Tel Aviv: Israel clamped down on Palestinian movements and boosted security on Thursday after two Palestinians shot dead four people at a popular Tel Aviv nightspot, the deadliest attack in a months-long wave of violence.
Officials said they were suspending entry permits for 83,000 Palestinians during the holy Muslim month of Ramadan in a move that was likely to further stoke tensions following the shooting last night that shocked Israelis.
The attack saw two Palestinians dressed in black open fire as patrons sat at a cafe terrace at the Sarona Market in Israel's commercial capital, police said.
A witness said it seemed at least one of the gunmen had been sitting at the cafe before standing with a rifle and firing.
Police spokesman Micky Rosenfeld could not confirm reports that the attackers were disguised as ultra-Orthodox Jews, but said they had been wearing black suits.
Five people were wounded in addition to the four killed, and the shooting spread panic, with police clearing the area and crowds running for cover.
Details on the victims were not yet clear.
Police said one of the attackers was arrested, while the other was wounded by gunfire and had undergone surgery.
The market and complex of bars and restaurants is located across the street from Israel's defence ministry and main army headquarters.
Prime Minister Benjamin Netanyahu visited the scene of what he called the "cold-blooded terrorist murder" after returning from a trip to Moscow and conferred with senior colleagues, including newly installed hardline defence minister Avigdor Lieberman.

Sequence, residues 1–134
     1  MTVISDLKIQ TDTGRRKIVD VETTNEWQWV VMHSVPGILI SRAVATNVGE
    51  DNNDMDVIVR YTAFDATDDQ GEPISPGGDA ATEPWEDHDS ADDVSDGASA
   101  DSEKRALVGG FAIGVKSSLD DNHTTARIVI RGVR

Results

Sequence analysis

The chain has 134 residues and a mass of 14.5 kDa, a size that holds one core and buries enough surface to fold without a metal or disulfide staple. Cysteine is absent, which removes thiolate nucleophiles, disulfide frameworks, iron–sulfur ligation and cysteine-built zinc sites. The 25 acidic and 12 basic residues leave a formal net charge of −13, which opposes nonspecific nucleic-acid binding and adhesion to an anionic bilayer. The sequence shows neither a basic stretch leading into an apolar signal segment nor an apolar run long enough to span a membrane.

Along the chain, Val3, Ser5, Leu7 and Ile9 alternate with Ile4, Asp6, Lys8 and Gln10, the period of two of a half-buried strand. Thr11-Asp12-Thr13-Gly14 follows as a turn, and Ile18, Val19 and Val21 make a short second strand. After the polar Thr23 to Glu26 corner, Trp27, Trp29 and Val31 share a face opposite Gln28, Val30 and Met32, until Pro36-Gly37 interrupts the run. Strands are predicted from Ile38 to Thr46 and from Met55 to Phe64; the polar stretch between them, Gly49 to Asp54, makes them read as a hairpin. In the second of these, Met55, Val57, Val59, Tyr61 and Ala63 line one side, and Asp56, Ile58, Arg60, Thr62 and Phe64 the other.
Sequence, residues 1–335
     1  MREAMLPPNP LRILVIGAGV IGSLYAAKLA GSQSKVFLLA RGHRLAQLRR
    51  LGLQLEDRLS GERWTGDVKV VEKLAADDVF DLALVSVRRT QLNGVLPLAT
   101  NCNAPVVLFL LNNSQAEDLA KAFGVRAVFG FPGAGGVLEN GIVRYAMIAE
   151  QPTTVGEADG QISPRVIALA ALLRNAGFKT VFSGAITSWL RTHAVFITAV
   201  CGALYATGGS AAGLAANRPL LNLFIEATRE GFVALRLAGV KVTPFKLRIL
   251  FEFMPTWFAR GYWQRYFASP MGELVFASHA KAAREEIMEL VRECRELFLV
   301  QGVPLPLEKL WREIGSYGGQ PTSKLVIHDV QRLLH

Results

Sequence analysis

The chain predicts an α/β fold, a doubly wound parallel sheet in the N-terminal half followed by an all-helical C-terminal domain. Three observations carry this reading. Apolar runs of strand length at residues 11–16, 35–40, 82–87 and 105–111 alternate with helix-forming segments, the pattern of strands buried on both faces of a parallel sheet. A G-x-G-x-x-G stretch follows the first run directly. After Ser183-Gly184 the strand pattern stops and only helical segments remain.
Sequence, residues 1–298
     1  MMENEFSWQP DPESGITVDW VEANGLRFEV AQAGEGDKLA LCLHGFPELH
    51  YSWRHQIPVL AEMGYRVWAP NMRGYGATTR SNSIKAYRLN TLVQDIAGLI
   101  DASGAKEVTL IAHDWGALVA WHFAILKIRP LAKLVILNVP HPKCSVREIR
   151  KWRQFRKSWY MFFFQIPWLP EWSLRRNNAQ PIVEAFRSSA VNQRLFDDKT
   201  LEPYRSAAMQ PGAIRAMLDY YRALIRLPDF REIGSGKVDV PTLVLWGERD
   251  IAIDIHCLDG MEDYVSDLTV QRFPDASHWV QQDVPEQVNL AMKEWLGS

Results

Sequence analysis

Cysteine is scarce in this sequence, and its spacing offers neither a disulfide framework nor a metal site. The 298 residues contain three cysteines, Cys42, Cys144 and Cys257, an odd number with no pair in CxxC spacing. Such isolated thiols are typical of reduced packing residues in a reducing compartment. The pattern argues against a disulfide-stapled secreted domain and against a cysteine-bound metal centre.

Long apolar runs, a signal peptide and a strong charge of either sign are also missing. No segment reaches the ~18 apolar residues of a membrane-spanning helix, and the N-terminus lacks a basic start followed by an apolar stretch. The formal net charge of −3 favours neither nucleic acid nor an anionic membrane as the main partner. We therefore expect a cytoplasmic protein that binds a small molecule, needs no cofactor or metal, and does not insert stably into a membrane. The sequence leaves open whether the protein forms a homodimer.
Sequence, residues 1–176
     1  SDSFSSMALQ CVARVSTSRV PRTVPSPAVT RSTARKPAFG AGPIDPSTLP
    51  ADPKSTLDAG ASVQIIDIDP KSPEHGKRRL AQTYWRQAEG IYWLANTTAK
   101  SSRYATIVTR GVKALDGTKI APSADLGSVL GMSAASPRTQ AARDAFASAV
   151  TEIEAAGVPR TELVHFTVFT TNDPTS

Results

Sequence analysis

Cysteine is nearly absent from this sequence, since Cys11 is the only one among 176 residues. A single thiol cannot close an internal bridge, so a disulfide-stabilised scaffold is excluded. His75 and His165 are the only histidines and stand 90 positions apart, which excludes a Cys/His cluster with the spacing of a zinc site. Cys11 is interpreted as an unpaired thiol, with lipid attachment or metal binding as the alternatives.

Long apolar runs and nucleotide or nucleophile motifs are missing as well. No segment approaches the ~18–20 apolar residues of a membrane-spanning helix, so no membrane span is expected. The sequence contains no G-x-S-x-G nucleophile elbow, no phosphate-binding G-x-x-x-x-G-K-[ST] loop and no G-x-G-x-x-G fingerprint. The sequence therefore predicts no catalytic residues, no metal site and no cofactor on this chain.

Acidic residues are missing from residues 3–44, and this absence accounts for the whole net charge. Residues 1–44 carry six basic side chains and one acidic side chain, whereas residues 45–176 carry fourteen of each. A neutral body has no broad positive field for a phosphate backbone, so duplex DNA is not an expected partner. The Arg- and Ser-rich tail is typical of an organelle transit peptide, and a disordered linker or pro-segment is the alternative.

"We discussed a range of offensive and defensive steps which we shall take in order to act against this phenomenon," Netanyahu's office quoted the premier as saying.
"There will be intensive action by the police, the army and other security services, not just to catch every accomplice to this murder but also to prevent further incidents."
Police said the two attackers were cousins from the Hebron area in the West Bank, and one of the Israeli authorities' first moves was to revoke tens of thousands of entry permits.
"All permits for Ramadan, especially permits for family visits from Judea and Samaria to Israel, are frozen," said a statement from COGAT, the defence ministry unit which manages civilian affairs in the occupied West Bank.
Israelis refer to the West Bank by its biblical names, Judea and Samaria.
It said that 83,000 Palestinians would be affected, adding that hundreds of residents of the Gaza Strip who had received permits to visit relatives and holy sites during Ramadan would also have access frozen.
It said it had frozen permits for 204 relatives of one of the alleged attackers.